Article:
Results tagged ‘ Dan Uggla ’
Idea: Rank the best individual seasons of the 2012 MLB regular season (Spring Training, Minor Leagues, and Postseason are not included), while considering offensive and defensive facets of the game.
Consider: Using the individual metrics to measure individual performance; full avoidance of projecting results for shortened seasons, and past years performance to justify or dictate standings.
This is not: “Most Valuable” anything. Rather, this is “best,” like Baseball America does, so there is no confusion as to what I am ranking. It is also not a “this is a ranking of who I want in 2013, or wanted in any other year.”
This is: My opinion, and will be disagreed with by many.
100. Lance Lynn (176.0 IP, 9.20 K/9, 4.11 tERA, 2.9 fWAR, 2.0 rWAR) – Beginning the season as a reliever, Lynn did pretty well as a starter, and I don’t think the Cardinals have any plans of moving him back to the bullpen anytime soon.
99. Jose Bautista (27 HR, 14 2B, .378 wOBA, 3.2 fWAR, 3.2 rWAR) – This work by Joey Bats was done in 92 games, which I find to be pretty incredible. Although his defense wasn’t the greatest in the ASG, I have heard to be that bad all the time.
98. B.J. Upton (28 HR, 31 SB, .323 wOBA, 3.3 fWAR, 2.6 rWAR) – The newest Brave entering his age 28 season should be a welcome addition to a team that lost a pretty good CF already.
97. Jered Weaver (188.2 IP, 6.77 K/9, 3.99 tERA, 3.0 fWAR, 3.7 rWAR) – I’m surprised he was this far down the list, but here he is. I expect him to see many pitcher wins for him in the next couple of years. That stat though won’t get him up this list if I do it again.
96. Dan Uggla (19 HR, 29 2B, .325 wOBA, 3.5 fWAR, 2.7 rWAR) – Nobody wants his contract, but Uggla is at the very least producing some of the power that is expected of him. Not that it makes his current deal worth it, though.
95. Aroldis Chapman (71.2 IP, 15.32 K/9, 1.66 tERA, 3.3 fWAR, 3.6 rWAR) – The Cuban Missile’s time as a reliever may be done, and if that’s true, can’t wait to see how he does as a starter. It’s been well documented that he’s been lights out as a reliever.
94. Mat Latos (209.1 IP, 7.95 K/9, 4.09 tERA, 3.1 fWAR, 4.2 rWAR) – While I might remember him from his Padres days as being a little evil, but he is still very good at what he does – pitch, that is.
93. Jeff Samardzija (174.2 IP, 9.27 K/9, 4.27 tERA, 3.3 fWAR, 1.6 rWAR) – Perhaps the second-most misspelled name in the majors, Samardzija is making the public know that he is a name worth getting to know.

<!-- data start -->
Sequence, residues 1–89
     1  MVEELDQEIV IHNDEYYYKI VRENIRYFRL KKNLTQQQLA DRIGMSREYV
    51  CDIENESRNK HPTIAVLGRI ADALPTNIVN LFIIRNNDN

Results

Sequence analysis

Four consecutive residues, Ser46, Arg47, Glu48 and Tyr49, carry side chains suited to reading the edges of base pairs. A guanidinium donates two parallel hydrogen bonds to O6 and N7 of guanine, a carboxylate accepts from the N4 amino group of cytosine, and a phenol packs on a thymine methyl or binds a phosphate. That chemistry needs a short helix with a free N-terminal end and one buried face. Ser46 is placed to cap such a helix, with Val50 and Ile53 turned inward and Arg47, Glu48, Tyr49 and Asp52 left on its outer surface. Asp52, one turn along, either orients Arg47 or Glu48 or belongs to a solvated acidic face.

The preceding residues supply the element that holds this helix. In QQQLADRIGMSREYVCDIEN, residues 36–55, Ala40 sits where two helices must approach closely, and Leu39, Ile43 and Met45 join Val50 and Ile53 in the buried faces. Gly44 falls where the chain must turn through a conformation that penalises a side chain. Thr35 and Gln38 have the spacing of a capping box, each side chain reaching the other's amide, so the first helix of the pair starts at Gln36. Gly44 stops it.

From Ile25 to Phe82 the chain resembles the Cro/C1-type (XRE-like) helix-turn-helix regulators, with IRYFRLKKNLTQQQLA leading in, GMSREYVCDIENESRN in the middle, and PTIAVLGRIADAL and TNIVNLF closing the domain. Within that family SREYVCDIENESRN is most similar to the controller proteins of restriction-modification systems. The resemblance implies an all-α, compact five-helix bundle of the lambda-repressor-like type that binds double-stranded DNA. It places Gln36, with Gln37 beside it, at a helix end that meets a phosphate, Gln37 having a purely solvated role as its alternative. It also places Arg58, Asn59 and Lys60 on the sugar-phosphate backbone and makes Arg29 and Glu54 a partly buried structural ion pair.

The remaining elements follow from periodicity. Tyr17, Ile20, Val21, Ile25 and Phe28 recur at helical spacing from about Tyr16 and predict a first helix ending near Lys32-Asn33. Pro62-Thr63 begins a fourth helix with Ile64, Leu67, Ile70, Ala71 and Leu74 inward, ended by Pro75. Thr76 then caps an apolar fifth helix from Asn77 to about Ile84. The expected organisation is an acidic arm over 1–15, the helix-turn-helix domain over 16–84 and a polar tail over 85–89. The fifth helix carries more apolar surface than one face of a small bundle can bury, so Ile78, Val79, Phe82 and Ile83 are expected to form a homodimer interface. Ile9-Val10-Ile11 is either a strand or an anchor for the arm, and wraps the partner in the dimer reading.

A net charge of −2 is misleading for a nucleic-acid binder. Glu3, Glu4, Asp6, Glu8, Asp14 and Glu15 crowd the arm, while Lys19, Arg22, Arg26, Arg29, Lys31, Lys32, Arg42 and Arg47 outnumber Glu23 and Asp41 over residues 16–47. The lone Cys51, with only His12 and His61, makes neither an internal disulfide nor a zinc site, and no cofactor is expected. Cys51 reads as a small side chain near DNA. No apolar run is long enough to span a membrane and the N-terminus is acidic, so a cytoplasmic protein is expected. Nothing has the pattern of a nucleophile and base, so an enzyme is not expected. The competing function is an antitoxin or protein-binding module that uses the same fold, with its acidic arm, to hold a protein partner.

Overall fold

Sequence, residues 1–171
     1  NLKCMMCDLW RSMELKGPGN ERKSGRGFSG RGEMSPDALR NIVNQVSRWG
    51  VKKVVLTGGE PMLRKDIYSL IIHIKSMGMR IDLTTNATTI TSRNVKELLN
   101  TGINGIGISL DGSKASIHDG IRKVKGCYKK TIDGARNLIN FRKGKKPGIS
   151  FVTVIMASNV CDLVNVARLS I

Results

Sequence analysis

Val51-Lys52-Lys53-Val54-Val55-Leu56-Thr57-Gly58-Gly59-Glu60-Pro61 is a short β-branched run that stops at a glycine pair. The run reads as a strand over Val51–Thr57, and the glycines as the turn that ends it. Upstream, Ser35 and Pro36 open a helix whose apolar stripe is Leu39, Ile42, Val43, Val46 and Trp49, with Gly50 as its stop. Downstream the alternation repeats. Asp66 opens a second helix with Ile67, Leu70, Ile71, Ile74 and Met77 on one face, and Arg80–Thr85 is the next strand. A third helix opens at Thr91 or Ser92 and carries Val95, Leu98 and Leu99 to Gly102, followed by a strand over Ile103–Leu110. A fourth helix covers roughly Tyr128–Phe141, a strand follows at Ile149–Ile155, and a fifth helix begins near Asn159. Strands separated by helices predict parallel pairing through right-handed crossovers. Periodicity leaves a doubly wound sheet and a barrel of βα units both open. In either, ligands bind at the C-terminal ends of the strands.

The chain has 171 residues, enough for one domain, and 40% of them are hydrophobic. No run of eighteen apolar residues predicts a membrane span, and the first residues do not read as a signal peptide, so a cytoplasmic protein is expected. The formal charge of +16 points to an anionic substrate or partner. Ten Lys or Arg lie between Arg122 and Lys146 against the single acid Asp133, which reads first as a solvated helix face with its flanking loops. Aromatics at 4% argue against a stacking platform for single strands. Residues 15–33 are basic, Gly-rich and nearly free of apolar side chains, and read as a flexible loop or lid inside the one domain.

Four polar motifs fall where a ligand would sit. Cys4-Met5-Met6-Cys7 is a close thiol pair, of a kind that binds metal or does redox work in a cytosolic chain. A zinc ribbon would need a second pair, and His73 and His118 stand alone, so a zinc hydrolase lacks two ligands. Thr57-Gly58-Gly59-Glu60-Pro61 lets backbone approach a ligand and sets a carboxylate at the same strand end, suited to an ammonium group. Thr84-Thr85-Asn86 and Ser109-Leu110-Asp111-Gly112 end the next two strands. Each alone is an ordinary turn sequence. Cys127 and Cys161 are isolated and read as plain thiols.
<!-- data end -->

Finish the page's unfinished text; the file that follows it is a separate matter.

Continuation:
92. A.J. Pierzynski (27 HR, 18 2B, .351 wOBA, 3.4 fWAR, 2.6 rWAR) – Perhaps he’s becoming one-dimensional, but he should still be able to provide the power Texas is used to out of their catchers.
91. Mike Moustakas (20 HR, 34 2B, .305 wOBA, 3.5 fWAR, 2.9 rWAR) – A well-rated defensive 3B that can also hit for power? Yes, please! Good thing they have another powerful bat coming to their lineu—hhh wait. Sorry, too soon?
90. Desmond Jennings (13 HR, 31 SB, .309 wOBA, 3.5 fWAR, 3.0 rWAR) – The world is waiting for the 26-year old to explode on to the scene, and while what he’s done with the bat hasn’t been all that noteworthy, the game he’s carried with the help of his legs will keep him useful at the very least.
89. Trevor Cahill (200.0 IP, 7.02 K/9, 4.13 tERA, 3.4 fWAR, 2.5 rWAR) – Hard to say he was worth what Arizona gave up for him, but that’s hardly his fault their GM loves giving up pitching prospects. Like one of the guys he was traded to in Parker, Cahill must bring down those walks.
88. Matt Kemp (23 HR, 22 2B, .383 wOBA, 3.5 fWAR, 2.3 rWAR) – Beastmode took a back seat to injuries in 2012, and his crashing into the wall in Coors has some wondering how close to 100% he’ll be in 2013 and beyond.
87. Kyle Seager (20 HR, 13 SB, .321 wOBA, 3.6 fWAR, 2.6 rWAR) – Not a bad line for a kid we didn’t hear too much about this year. I gave Seager the nod over Kemp mainly due to Seager being healthy, and his better defense. The Dodgers also drafted Kyle’s kid brother this year.